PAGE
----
There were nine of these unfortunates in the asylum–the eight that lost their lives and one that escaped, Mrs. Hibbart. Tuesday night, January 23, was one of the worst nights this winter. A furious storm started in the afternoon which gained in fury all night. The thermometer went down to 30 degrees below zero before morning. The insane asylum was heated with a furnace in the cellar which was reported out of order. Regardless of this, the nine unfortunates who were not of sufficiently sound mind to take care of themselves were locked up in this fire trap to perish like so many rats. Possibly the doors were not locked, but the unfortunate creatures, unable to look out for themselves, were left alone without a person of sound mind to look after them. When the house was left we have not learned. Evidently the old furnace was fired up so that the inmates should not freeze to death that bitter cold night and then left to their fate.
Henry Holcomb, the steward, went to bed at his usual time and all the inmates of the poor house proper were asleep at ten o’clock when they were awakened by Mrs. Hibbart coming into the house and telling them the madhouse was on fire. Holcomb rushed to the burning building, which he saw was all aflame inside, and burst in the door. He could not enter and no sound except the crackling of flames was heard. The poor unfortunates were already dead, either suffocated before they awoke, or lacking the intelligence to make their escape.
Four of the poor creatures that were not considered perfectly safe were locked in their cells at night, and could not have escaped if they would. The others could have gotten out if intelligent enough. What little help there was availed nothing against the fire, and all that could be done was to prevent its spreading to the poorhouse and other buildings of the poor farm. The tragedy was over in half an hour and the roof fell in. The victims were seen burned beyond recognition. From the places where some of the remains were found it is inferred that some of the unfortunates had reached the windows and tried to escape from them.
How the fire originated is not and never will be known. One of the insane women was in the habit of tearing her clothes to shreds and stuffing them into the hot air registers. It is possible that this may have been the cause of the fire. The grand jury visited the asylum last week and their report, published in the last issue of THE DEMOCRAT, was far from complimentary to the institution. Before it was read by many of the readers of this paper news of the sickening tragedy was on the streets.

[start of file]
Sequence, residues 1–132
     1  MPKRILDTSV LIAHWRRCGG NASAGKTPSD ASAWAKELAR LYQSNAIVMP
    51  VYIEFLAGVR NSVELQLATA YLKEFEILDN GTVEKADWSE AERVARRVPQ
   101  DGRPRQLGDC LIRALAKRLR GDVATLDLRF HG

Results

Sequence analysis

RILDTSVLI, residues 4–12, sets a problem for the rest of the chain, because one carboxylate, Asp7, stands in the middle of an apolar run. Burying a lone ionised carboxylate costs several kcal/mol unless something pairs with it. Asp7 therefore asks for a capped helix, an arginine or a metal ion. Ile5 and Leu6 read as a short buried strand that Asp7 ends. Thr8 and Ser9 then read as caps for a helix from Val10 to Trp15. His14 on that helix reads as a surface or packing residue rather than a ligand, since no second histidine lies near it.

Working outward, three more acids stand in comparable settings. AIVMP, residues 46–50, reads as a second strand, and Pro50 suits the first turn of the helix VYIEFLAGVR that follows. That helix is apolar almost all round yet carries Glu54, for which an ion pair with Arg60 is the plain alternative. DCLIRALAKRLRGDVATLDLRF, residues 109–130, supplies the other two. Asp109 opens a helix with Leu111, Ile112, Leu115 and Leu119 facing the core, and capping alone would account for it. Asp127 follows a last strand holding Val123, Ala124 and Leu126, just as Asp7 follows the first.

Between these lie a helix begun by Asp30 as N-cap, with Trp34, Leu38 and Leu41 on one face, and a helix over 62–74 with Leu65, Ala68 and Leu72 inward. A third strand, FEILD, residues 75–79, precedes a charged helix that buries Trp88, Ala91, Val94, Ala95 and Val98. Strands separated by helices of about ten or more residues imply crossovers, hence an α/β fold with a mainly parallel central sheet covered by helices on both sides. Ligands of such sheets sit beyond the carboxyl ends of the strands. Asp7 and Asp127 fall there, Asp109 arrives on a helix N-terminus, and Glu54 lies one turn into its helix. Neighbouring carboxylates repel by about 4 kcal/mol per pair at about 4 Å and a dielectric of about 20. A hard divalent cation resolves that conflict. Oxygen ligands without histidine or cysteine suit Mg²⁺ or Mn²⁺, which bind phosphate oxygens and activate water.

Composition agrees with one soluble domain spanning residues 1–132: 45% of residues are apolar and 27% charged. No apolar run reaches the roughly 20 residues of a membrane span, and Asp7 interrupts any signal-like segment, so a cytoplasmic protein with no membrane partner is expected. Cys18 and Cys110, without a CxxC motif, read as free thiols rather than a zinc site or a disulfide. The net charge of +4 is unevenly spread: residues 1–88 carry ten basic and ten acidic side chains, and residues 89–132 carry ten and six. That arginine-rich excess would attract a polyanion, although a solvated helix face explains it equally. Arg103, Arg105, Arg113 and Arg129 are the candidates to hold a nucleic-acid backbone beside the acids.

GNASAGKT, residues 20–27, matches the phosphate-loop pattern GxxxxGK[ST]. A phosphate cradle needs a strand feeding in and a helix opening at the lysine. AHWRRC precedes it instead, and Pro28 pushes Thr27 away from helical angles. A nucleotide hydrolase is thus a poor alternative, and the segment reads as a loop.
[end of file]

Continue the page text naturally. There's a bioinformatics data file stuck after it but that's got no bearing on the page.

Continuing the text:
A great moral responsibility attaches to some one for this crime against humanity. We will not stop to discuss how the policy of keeping the insane at home instead of in state institutions. It is sufficient that they were kept on the poor farm. Why were they not cared for? Who is to blame for the shocking barbarity of leaving nine unfortunate human beings unable to take care of themselves alone in a building to perish like so many rats? To burn up at 10 o’clock, the early part of the evening. It is highly probable that the fire had been smoldering for some time before it burst out. A sane person might likely have smelled fire and investigated before retiring. Possibly lives might have been lost even if proper precaution had been taken. This has occurred in other asylum fires. But then there would have been no cause for the universal indignation that is expressed at the utter lack of care in looking out for the unfortunates in Boone county. If economy was the reason the purpose has been accomplished–the insane are burned up and will no longer cost the county anything. This is cheaper than hiring some one to take charge of them but arouses a cry of indignation from every corner of the land. We wish the man or men that are responsible for leaving these unfortunates alone with less care than is given so many cattle (for fires are carefully kept out of the stable) could see the comments that are being made all over the country in the press. It will not mend matters but may cause a little remorse. Locking the stable door after the horse is stolen is of little use.